BLOOMINGTON — The potential for deeper cuts in United Way of McLean County funding could have serious consequences for social services providers and the vulnerable people they serve, according to agency directors whose budgets rely on far fewer United Way dollars.
“It’s frustrating. People don’t realize the importance of United Way money to the human services system,” said Peter Rankaitis, executive director of Project Oz, a Bloomington agency that helps teens and young adults with housing and employment.
Without a centralized source for workplace donations, local agencies would be forced to compete against each other for money in the community, said Rankaitis, noting that some providers have stepped up their fundraising efforts.
Two United Way grants support Project Oz work in programs that target at-risk youth. Matching dollars for a federal grant to serve runaway youth come from United Way, as well money for outreach services at Bloomington High School and Normal Community High School.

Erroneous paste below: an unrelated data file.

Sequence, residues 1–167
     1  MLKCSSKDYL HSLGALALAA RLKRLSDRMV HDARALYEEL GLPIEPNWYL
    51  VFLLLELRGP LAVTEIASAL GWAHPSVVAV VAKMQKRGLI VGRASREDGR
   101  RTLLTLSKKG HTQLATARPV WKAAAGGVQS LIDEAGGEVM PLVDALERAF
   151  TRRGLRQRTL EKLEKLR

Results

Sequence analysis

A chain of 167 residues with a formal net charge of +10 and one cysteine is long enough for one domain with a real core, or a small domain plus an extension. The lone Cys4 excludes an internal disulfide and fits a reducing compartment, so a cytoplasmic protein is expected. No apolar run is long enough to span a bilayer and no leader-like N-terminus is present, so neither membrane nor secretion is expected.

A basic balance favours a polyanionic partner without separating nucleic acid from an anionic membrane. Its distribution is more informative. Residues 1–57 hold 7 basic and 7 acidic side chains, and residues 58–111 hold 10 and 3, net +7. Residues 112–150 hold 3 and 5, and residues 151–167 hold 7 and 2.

The services “helps students who are struggling go on to graduate or make it to the next grade level. We all know if you don’t have a high school diploma your long-term ability to support yourself is really hampered,” said Rankaitis.
Adrian Barr, managing attorney for Prairie State Legal Services in Bloomington, said the $9,113 United Way funding has helped his office retain a third attorney to help low-income clients.
Without a longer wait for service based on caseloads, “we can actually fix the client’s problems in a timely fashion,” said Barr, who is one of three local providers who serve on the United Way’s board of directors.
The 50 percent cut in Prairie State Legal Services’ grant in 2016 was significant, said Barr, but a new grant from another source helped fill the gap.
Others also managed to juggle grant dollars to cover severe dips in United Way funding.
The Community Health Care Clinic in Normal has seen its United Way grant shrink from $175,000 to $63,000 in recent years. Angie McLaughlin, the clinic's executive director, said hours for nurse practitioners and support staff were reduced two years ago. The facility, which receives no government funding, has been able to expand its programs through other private grants, said McLaughlin.
Follow Edith Brady-Lunny on Twitter: @pg_blunny